By Kevin DeValk
You’ve made the pledge. You’ve taken the call to move to Africa, China, or somewhere else in the world to share the gospel, perhaps for years.
Upon hearing the news, parents and a small crowd of other relatives look at you skeptically. “You’re moving to WHERE?”
Maybe they’re concerned about your safety and their grandkids’ well-being. Maybe they’re struggling with your being so far away. Or they might be antagonistic toward the Bible in general. Whatever the cause, opposition from parents and siblings is faced by many new missionaries, even those with Christian parents.
Here are a few ideas for how to handle difficult family members and help them with their concerns:
Where will you live? Where will their grandchildren go to school?
The website www.missionsplace.com recommends easing family members’ concerns through information, by telling them about the availability of medical care.
Most missions groups have detailed plans to support missionaries.
International Missions Board (IMB), an organization that partners with local churches to send missionaries around the world, takes applicants through a process that ensures they are ready, according to lead consultant Joel Sutton. The process prepares them for their new culture and to make sure they are spiritually and physically fit, among other things.
Sutton recommended explaining this process to parents and telling them about procedures for emergencies.
IMB can provide this information to missionaries’ relatives, he said.
In most places, missionaries no longer have to wait a month for a letter to arrive or travel 100 miles to find a telephone. The Internet allows for video chatting through programs like Skype.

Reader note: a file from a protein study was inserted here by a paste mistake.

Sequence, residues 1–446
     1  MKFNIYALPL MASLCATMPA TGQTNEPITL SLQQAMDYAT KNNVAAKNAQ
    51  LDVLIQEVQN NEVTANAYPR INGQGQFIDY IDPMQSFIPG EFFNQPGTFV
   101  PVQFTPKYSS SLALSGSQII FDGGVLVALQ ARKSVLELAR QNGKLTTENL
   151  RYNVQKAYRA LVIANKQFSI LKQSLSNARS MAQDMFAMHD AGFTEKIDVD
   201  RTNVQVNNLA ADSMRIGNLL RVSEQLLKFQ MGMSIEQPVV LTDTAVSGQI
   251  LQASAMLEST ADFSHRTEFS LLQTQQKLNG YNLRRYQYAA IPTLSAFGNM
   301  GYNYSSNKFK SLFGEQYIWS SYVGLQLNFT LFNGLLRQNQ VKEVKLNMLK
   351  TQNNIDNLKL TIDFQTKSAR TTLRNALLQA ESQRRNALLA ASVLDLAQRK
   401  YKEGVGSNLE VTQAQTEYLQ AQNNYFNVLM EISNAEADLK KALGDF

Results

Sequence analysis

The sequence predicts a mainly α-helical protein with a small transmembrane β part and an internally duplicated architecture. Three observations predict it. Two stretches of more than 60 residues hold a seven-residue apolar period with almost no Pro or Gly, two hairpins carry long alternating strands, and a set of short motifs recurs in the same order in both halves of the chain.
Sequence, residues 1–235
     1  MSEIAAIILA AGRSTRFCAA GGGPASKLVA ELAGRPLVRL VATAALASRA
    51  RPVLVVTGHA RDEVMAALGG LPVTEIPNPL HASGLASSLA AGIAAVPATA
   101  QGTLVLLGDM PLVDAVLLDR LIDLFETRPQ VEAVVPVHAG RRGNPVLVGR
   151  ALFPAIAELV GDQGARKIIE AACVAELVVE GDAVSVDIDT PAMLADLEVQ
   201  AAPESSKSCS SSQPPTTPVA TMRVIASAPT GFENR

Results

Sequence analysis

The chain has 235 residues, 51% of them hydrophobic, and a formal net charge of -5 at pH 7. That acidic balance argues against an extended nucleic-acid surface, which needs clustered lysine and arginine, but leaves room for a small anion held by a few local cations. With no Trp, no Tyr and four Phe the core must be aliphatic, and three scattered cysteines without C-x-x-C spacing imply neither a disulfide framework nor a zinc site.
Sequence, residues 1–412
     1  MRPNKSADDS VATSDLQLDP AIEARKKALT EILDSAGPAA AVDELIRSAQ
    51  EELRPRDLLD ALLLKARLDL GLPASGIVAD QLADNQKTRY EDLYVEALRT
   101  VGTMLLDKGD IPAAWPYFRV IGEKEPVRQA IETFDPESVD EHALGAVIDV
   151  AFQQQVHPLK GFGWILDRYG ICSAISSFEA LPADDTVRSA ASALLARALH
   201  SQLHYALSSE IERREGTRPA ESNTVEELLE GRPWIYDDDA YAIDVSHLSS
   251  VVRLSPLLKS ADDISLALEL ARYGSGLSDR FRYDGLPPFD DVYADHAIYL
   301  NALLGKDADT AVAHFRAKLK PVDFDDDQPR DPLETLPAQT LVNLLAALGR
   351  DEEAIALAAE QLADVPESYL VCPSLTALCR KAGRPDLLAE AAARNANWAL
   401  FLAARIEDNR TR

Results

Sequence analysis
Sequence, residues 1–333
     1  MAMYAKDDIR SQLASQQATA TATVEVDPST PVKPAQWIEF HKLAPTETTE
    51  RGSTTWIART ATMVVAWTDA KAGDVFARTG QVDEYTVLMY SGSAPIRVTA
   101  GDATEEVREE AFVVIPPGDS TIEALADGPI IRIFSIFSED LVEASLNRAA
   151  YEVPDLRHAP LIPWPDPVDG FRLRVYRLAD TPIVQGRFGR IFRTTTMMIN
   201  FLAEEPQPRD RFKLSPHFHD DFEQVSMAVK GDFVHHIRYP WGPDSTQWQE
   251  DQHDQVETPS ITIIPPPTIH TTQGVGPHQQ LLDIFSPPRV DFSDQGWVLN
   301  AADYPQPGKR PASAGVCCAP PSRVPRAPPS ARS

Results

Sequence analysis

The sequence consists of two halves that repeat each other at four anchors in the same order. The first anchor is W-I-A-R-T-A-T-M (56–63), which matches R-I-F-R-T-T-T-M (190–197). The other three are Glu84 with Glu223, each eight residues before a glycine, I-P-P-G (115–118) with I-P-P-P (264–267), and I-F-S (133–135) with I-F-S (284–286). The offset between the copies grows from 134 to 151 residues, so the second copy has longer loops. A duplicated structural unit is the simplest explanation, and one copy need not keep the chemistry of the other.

“Being separated is not what it used to be. They will still be able to connect,” Sutton said.
A good webcam costs less than $30. Consider giving one to your parents as a gift before leaving as a symbol of your intentions to keep in touch.
Appeal to Their Compassion
Talk to family members about your work. As one person wrote at www.askamissionary.com, people come around by embracing the good that will be done.
Separation causes anxiety, which can sometimes be expressed through anger. Show your family you care by listening to their concerns. Their arguments are not necessarily attacks on your faith. Missions Place suggests involving your parents in some of the decisions.
This is the most important part of preparing for foreign missions. Be sure it includes praying for family members back home.
Don’t Feel the Need to Convince
“I advise (new missionaries) not to worry too much about this, or try to convince their parents,” Sutton said. Your decision to go is between you and your spouse and God, that’s all, he said.
“The majority of parents either support their kids or don’t stand in the way,” Sutton said. Parents usually come around in time. Even in extreme cases, when parents threaten to permanently cut-off their children, they rarely follow through on that threat, he said.
Sutton stressed, however, that if a Christian feels called into foreign missions, they should go, regardless.
Kevin DeValk of Rochester, New York, is a customer service advocate for Verizon Wireless.
The “Parents of Missionaries” support group page on Facebook.
Terri Willis (director of national relations for IMB), Parents as Partners: Supporting Your Family as They Serve Overseas (Richmond: International Missions Board, 2003). Includes chapters on coping with loss and how to make the transition easier.
Cheryl Savageau and Diane Stortz, Parents of Missionaries: How to Thrive and Stay Connected When Your Children and Grandchildren Serve Cross-Culturally (Colorado Springs: Authentic Publishing, 2008).